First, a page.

The 14th-place finisher was poker superstar Daniel Negreanu.  He was one player off the “bubble.”  Negreanu suffered a brutal run during his last 90 minutes in the tournament, falling from among the chip leaders to the rail within a relatively short time frame.

The dreaded bubble finisher was Kyle Bowker, from Walton, NY.  For 13th place, Bowker received little more than sympathy (and no prize money).  He endured a brutal beat on his final hand.  Bowker was all-in holding pocket nines.  He flopped a nine, which was good for a set against Dana Kellstom’s pocket aces.  With one card to come, an ace hit the board, giving Kellstrom a higher set (trip aces).  It was a tough way to exit for Bowker after playing excellent poker over nearly three days.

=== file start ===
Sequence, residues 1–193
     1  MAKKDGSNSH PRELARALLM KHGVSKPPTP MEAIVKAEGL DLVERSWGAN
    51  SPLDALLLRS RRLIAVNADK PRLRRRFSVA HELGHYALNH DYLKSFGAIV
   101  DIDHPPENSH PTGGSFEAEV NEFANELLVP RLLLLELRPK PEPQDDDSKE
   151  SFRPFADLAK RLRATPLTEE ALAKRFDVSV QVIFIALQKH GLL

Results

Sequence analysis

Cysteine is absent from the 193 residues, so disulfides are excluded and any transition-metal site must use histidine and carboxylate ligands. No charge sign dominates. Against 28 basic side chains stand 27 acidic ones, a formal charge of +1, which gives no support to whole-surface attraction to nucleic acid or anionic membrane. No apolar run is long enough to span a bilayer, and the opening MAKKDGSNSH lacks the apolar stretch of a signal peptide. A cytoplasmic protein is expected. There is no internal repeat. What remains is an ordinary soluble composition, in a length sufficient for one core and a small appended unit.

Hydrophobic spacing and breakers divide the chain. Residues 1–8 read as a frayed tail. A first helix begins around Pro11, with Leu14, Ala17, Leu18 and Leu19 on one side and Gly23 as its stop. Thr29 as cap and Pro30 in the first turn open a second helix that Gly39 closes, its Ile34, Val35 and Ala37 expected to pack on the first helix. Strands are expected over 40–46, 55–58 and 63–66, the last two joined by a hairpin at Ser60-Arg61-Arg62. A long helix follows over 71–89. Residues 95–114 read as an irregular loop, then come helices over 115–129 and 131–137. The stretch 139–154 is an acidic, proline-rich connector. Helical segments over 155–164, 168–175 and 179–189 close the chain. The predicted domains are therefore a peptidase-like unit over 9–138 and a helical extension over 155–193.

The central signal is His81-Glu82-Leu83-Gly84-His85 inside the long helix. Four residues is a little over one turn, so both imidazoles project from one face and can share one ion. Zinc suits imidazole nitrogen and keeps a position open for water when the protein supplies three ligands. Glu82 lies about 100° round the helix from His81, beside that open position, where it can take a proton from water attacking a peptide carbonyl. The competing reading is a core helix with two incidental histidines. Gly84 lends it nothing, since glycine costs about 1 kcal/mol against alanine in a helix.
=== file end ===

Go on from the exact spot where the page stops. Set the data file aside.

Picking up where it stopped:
Finishing in 10th, 11th, and 12th places respectively were – Kwinsee Tran, Alejandro Garcia, and Joe Parker.

Alejandro Garcia (11th place) is from Mexicali, Mexico.  Despite close proximity to the U.S., relatively few players from Mexico have played in major poker tournaments over the years.  However, more Mexican players are now participating in WSOP-related tournaments.  WSOP gold bracelets have been won by only two Mexican players in history.